The federal government has arrested the ringleaders of four Los Angeles schools that ran “pay-to-stay” scams, whereby student-visa holders managed to stay in the U.S. without ever attending classes. The schools collected $6 million per year in tuition payments from the students, according to the Los Angeles Times.
Former Senate Homeland Security and Governmental Affairs Committee staffers tell NR that this is more evidence that the Department of Homeland Security’s Immigration and Customs Enforcement Agency is trying to manage a program they do not understand. “The oversight work that’s been done looking at [the Student Exchange and Visitor Program], it shows that…DHS and ICE aren’t really managing it effectively,” says one former committee staffer.
When DHS investigators conducted a surprise check at the American College of Forensic Studies, they found one, single student in one, single religion class, despite the school’s claims that 300 foreign students were enrolled at the school, according to the Times. At Prodee University, investigators found just three foreign students in one English class, despite the more than 900 foreign students who were enrolled at the school.
In his final DHS oversight report earlier this year, former Oklahoma senator Tom Coburn detailed the extensive problems with the Student Exchange and Visitor Program. Coburn noted that if responsibility for overseeing the SEVP program was distributed evenly among the 200 ICE agents assigned to the program, then each agent would be responsible for monitoring approximately 6,500 students.
This overwhelming workload is especially concerning because “approximately 36 convicted terrorists came to the country using various forms of student visas,” according to the report. In 2012, Coburn’s report found, a Saudi student visa holder was arrested and convicted after “buying chemicals online and attempting to use a WMD” in the state of Texas. Also in 2012, a student visa holder from Bangladesh was arrested for plotting to destroy the Federal Reserve Building in New York City.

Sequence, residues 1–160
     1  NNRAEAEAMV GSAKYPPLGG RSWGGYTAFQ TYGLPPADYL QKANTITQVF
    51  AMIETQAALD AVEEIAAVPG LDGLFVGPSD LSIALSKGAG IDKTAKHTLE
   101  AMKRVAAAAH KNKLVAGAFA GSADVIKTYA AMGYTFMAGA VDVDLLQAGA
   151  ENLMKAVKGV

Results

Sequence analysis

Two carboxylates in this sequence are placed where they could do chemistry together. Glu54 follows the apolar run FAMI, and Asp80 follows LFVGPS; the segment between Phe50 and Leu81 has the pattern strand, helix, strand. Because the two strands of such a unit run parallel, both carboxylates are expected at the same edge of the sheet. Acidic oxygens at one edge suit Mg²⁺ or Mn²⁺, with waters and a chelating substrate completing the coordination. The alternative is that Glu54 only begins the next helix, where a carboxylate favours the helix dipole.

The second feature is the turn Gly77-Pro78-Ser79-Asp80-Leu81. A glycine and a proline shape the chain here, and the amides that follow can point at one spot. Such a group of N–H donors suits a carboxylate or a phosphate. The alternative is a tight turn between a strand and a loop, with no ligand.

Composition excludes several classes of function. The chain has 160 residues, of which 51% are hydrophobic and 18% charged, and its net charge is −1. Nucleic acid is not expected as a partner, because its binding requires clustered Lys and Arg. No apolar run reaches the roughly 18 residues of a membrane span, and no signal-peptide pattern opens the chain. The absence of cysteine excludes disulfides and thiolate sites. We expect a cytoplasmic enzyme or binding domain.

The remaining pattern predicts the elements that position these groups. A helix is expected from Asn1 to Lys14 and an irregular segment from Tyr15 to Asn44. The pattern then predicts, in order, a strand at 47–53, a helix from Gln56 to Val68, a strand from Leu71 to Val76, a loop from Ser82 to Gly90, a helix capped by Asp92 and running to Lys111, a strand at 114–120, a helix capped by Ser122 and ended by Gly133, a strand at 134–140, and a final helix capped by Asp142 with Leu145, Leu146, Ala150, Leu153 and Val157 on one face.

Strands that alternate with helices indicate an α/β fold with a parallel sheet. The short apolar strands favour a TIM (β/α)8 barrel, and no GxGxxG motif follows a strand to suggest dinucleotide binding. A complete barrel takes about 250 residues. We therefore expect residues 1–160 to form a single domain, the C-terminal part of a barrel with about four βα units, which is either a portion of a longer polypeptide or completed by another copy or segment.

Coburn’s report drew a rather damning conclusion about ICE’s mismanagement of the SEVP program: “ICE does not have strong oversight and accountability of this program, [and] there is a risk that it could be exploited by foreign adversaries seeking entry into the United States to do harm, including terrorism, espionage, or engaging in other illegal activities, particularly given the imbalance between the program’s scope and the resources that are dedicated to overseeing it.”
Another problem with the program identified by Coburn’s report is that unlike other federal education programs, the SEVP does not require the participating schools to be accredited or licensed. In the case of the four schools exposed in Southern California earlier this week, the scammers faked school transcripts and school transfer records. The foreign students then paid up to $1,800 for six months tuition, so that they would appear to be enrolled and could stay in the U.S. The findings produced by the 4-year investigation by Homeland Security Investigators are promising, but also suggest much work is left to be done.